Regional elections litmus test for German govt after months of climate policy discord
Germany’s ruling coalition has been wrangling over crucial climate policy proposals for months and a regional election this weekend is set to show the extent to which public approval has taken a hit.
Chancellor Olaf Scholz’s approval ratings have been downward trending since a peak in the immediate aftermath of Russia's invasion of Ukraine. The Green Party is under pressure over the proposal for a de facto ban on new oil and gas heaters and a contentious personnel decision within the economy and climate action ministry. And the third coalition partner, the pro-business FDP, fared badly in several recent state elections and is eager to assert itself within the government. The party has called into question several of the coalition’s climate policy projects, such as the ban on combustion engine cars at EU level or the heating agreement.
Voters in the city-state of Bremen will head to the polls on 14 May to elect a new parliament. The election outcome will decide which parties could enter government coalition talks and decide the city’s energy and climate policy for the coming years. It will also have an impact on federal policy due to Bremen's seats in the Bundesrat, Germany’s upper house of parliament representing its 16 states. Regional elections are often decided based on regional issues. In a recent poll conducted in Bremen by public broadcaster ZDF, only 12 percent of respondents identified climate action as the most important issue in the city-state, while 46 percent named education policy and 28 percent transport policy. However, national politics and fighting over policy often make a crucial difference also at the state level, especially in tight elections.
Bremen’s governments have been led by an SPD mayor for decades, with the party’s Andreas Bovenschulte running for re-election in May. He is popular among voters and has governed since 2019 in a coalition with the Greens and the Left Party, which according to political analysts has a good chance of being renewed after the election. Polls show the SPD and the conservative Christian Democrats (CDU) in a neck-and-neck race. Public broadcaster ARD showed the Social Democrats in the lead with 30 percent, followed by the CDU with 27 percent. The FDP could struggle to surpass the 5 percent threshold to enter parliament. The Green Party has suffered the greatest losses in popularity since an earlier poll in mid-April, dropping four percentage points to 13 percent.
This could in part be due to the party’s troubles at the national level. The Greens have come under fire in recent weeks due to a controversial heating transition law from economy and climate action minister Robert Habeck. The row over plans for a de facto ban on oil and gas heaters from 2024 has shown an increasing polarisation of the public over the transition to climate neutrality. The image of a “party of bans” – which had clung to the Greens for years but it had hoped to have overcome – is back.
Habeck is also under pressure from the media and the opposition after his state secretary, Patrick Graichen, failed to disclose early in the process that the ministry's appointee to head the government-owned German Energy Agency (dena) was his best man at his wedding. Graichen was part of the selection committee for the post. In a parliamentary committee hearing, Habeck came out in support of his state secretary. “Of course, it is legitimate to ask whether the mistake is so serious that I have to dismiss state secretary Graichen. And, of course, I asked myself this question. I have answered it in the negative,” he told MPs, according to a written statement.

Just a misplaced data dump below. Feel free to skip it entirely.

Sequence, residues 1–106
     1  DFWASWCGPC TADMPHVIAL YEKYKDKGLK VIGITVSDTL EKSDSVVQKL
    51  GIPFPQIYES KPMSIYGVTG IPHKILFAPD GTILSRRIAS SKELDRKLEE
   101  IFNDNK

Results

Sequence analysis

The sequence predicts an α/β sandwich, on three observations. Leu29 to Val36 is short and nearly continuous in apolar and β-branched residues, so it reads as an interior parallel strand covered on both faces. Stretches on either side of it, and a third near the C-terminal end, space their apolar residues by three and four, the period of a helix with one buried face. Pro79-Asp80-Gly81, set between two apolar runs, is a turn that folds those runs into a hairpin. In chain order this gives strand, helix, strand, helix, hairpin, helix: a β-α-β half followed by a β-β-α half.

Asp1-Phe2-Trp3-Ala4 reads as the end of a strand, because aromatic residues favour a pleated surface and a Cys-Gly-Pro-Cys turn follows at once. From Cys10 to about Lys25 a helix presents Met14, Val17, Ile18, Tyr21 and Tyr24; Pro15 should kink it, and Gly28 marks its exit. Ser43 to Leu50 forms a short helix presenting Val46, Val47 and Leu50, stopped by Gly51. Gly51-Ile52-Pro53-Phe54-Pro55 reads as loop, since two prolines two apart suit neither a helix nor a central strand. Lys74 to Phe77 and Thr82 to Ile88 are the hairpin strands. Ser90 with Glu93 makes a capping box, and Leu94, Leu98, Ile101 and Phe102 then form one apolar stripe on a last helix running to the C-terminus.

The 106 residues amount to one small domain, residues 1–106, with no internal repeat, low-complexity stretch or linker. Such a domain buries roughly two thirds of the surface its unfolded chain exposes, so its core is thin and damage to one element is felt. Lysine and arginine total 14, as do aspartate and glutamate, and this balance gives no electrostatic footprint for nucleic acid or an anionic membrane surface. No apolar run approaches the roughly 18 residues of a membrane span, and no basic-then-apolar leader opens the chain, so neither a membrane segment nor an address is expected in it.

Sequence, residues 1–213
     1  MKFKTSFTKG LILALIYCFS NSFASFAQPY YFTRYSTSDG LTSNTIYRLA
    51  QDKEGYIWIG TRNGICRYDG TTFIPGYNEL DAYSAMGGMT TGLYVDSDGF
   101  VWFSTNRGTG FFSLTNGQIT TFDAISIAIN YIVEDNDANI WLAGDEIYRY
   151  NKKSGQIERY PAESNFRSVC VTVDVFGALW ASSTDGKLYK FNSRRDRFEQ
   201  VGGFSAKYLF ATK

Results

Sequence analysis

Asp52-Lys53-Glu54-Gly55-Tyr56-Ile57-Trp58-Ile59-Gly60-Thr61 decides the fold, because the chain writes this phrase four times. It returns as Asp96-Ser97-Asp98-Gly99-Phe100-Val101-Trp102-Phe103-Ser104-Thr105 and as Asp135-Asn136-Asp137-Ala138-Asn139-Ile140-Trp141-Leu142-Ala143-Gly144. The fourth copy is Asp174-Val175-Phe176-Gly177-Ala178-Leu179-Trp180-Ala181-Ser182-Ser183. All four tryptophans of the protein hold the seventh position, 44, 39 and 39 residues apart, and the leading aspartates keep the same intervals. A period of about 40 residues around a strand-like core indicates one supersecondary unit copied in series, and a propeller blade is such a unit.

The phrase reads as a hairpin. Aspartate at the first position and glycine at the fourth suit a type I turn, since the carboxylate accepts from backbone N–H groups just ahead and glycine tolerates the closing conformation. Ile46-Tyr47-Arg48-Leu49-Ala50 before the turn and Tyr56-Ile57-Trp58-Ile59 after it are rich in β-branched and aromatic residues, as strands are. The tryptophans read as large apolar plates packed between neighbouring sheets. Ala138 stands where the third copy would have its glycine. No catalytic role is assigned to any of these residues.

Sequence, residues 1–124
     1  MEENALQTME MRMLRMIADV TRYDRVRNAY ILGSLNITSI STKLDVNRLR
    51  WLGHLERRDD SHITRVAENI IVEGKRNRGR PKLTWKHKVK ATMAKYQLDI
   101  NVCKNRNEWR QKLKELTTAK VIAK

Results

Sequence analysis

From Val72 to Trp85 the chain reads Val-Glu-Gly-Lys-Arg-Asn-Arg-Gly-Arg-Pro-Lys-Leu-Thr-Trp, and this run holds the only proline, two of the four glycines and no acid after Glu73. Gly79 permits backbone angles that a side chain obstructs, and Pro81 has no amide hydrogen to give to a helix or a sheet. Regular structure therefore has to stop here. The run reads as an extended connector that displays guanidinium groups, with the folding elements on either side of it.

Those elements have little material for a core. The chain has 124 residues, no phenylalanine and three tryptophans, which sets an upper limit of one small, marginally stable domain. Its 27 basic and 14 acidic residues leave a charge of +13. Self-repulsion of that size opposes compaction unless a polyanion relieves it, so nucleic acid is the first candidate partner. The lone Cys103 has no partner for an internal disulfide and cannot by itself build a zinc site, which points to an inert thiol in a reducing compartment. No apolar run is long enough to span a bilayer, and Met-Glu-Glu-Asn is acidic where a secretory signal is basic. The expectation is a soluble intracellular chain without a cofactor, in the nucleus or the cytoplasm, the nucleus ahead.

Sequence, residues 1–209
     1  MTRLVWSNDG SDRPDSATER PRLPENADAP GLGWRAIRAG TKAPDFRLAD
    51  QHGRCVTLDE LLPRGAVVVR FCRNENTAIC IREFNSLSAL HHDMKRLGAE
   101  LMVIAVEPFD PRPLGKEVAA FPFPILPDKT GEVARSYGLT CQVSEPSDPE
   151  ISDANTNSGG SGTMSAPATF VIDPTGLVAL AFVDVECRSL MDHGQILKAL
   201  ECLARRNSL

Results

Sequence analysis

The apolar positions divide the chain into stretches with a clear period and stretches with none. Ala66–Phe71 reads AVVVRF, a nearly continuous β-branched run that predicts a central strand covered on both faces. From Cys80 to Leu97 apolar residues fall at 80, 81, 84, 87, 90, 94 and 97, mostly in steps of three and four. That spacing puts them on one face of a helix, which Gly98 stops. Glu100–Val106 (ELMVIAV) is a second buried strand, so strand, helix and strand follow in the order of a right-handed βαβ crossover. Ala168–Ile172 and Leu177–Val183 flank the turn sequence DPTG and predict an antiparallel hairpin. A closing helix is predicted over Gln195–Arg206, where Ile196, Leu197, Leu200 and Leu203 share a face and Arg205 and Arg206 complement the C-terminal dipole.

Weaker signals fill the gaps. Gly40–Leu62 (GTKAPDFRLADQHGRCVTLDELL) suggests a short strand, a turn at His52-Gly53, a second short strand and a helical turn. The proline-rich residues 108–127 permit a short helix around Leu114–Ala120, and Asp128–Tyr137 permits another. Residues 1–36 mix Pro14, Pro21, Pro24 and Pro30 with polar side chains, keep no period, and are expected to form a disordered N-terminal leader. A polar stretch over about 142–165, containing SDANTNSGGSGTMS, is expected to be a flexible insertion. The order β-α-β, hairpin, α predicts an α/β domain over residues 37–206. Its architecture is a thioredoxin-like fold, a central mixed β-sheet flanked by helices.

“In the short term, it will be difficult to get out of this slump,” researcher Wolfgang Schroeder of the Berlin Social Science Centre told Süddeutsche Zeitung. Schroeder said distancing themselves from climate activists with more drastic actions, like those from the group "Last Generation," could help the Greens. The group has angered large parts of the population when its activists glued themselves to streets or threw paint at artworks. The Greens “might lose a few activists that way,” Schroeder said, “but they could build up or win back trust in the middle” of society.
At an election campaign event in the northern city-state, federal finance minister Christian Lindner from the Free Democrats (FDP) criticised the incumbent government of Bremen, which includes Lindner’s federal government coalition partners, the SPD and the Green Party, for “declaring climate change a general crisis for the next years and decades to bypass the debt brake,” according to a dpa (news agency) report published in Die Welt.
The government of the highly indebted city-state has recently agreed on a 2.5-billion-euro package for a climate-friendly transformation of the state’s economy, which is dependent on a loan that federal minister Lindner must approve. Lindner, who has been critical of taking on debt to finance climate action at the federal level, said the prospect of bypassing the debt brake, a national cap on borrowing, “worries me greatly,” adding that “interest rates don’t care why the debt has been taken on.”
After the election in city state Bremen, domestic politics in Germany is likely to be dominated by two other state elections at the end of the year, when both Hesse and Bavaria head to the polls. The elections in the two much larger and wealthier states in southern Germany are scheduled to take place simultaneously on 8 October.